"This diet is known to produce ketones which are used as a fuel source in place of glucose. This may help to provide fuel to insulin resistant brain cells. This diet is also known to affect a number of neurotransmitters and ion channels in the brain, improve metabolism, and decrease inflammation. So there is existing science to support why this diet might help schizophrenia."
Let this information sink in. Herein lies some of the reasons mental illness statistics are rising. And some of the main items WJWMHLF (upcoming nonprofit) will be addressing.
These are vital issues that demand attention. My hope is that the public and medical establishment will start understanding and addressing these causal issues, instead of treating symptoms with neuroleptic medications that are not cures.
Quote from the New England Journal of Medicine:
“...psychiatric diagnoses and medications proliferate under the banner of scientific medicine, though there is no comprehensive biologic understanding of either the causes or the treatments of psychiatric disorders."
(From this NEJM article): https://www.nejm.org/doi/full/10.1056/NEJMp1910603?fbclid=IwAR36D7wQdSrw_siGbQ-7qS_--HLsDQNKrngm3rIYg7M_TvGoGsGqwzZQcvo
Also, FYI: To our horror, my elderly father has been "restrained and sedated" many times in this past year, against the lawful Treatment Advocate instructions, no less.
In our Oklahoma experience, this practice of restrain and sedate is standard even with elderly disabled in all kinds of hospitals and EMSA. Sadly, the joking "memes" I've seen on Facebook and Pinterest about the numbers of combo medications that can be used in one syringe are disgusting. I understand when the patient is dangerous, but an 83 year old man that can't walk isn't dangerous. And the "laughing" attitude on social media about this makes my stomach turn and needs to stop. It lacks care, compassion and proper medical ethics, and needs an adjustment across the board.
Read and learn the following new BEST PRACTICES. We have to be humane and stop the harm.
(From this Psychiatric Times article): https://www.psychiatrictimes.com/psychiatric-emergencies/new-guidelines-shake-treatment-agitation?fbclid=IwAR26Y2UWjFdKNVeInG6Bb1cTmyZnUC-7U9wrATtDP8FPMGQqCrZw06vQyRc
Quote:"The problem is not simply one of scientific and intellectual integrity. This state of affairs influences training and reimbursement and does a great disservice to patients, practicing psychiatrists, and our medical colleagues who are striving to provide the best and most humane care to people with medically and psychologically complicated conditions.” ...“restrain and sedate,” has been a standard of practice for many years. The approach has staunch advocates, who insist that it is the best means of maintaining safety for the staff and others in the area. But this stance can fail to recognize that at the center of this raucous activity is a human being— one who is commonly very scared, vulnerable, and fragile — and that the acts of forcible restraint and involuntary medication can often cause more harm than good. Further, quite often, takedowns, restraints, and injections can be easily avoided, in a way that is safer and faster —while improving both short- and long-term outcomes.”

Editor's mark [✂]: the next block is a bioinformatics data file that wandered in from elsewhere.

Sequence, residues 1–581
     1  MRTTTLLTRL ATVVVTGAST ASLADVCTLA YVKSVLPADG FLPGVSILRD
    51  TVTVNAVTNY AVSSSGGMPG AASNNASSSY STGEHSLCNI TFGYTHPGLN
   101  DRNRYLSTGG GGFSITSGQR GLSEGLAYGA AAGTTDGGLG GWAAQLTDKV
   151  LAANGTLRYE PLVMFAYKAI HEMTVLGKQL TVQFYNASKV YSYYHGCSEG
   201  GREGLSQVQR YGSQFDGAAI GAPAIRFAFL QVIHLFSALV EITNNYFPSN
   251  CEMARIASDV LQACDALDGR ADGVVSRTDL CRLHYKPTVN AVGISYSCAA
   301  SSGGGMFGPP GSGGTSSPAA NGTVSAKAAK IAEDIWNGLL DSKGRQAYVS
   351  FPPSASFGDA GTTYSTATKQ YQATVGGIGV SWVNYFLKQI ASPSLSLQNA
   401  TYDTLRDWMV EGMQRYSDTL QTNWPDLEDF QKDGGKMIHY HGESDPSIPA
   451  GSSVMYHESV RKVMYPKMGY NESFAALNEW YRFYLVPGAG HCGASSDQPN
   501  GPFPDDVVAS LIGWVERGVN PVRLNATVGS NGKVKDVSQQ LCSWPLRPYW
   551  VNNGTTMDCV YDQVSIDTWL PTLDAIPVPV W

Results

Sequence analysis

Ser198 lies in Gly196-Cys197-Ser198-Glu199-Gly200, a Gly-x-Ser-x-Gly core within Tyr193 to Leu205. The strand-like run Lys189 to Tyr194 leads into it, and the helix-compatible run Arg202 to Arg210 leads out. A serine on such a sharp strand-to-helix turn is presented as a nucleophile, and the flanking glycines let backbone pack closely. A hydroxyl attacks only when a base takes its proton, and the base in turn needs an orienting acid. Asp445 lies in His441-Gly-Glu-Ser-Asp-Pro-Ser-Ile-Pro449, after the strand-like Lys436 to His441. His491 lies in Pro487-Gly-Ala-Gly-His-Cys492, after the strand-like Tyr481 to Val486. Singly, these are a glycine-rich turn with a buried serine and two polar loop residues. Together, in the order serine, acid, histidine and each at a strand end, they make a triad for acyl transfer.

My brother has been restrained and sedated more times than we can count in his 31 year odyssey in the failing mental health system. His trauma from these experiences is exponential.
So, about all I can muster to celebrate in this new year is the fact that there is much potential for things to start looking up. I remain hopeful...as always, though it's against all odds and very difficult. And we try to rest as best we can, on this January 1st. I just got home last night, and have been under the weather for over two weeks...
...probably due to stress.
But we will keep on, keepin' on. Because we know our family better than the doctors, and we have legal right to communicate. If they don't listen, it only causes problems. Hopefully that glass ceiling will be broken as time progresses. It's wisest to listen and remain humble, when a life is in the balance. No room for arrogance in patient care, but after reading hospital record chart notes, arrogance and misrepresentations abound. So many unnecessary problems when there is no line of communication. And their fear should never override proper care for the patient.
Too much to say, in too little time.
Please share any of the articles to your own medical professionals and mental health advocate entities. These items cannot be mainstreamed fast enough.
Jackie Welton DiPillo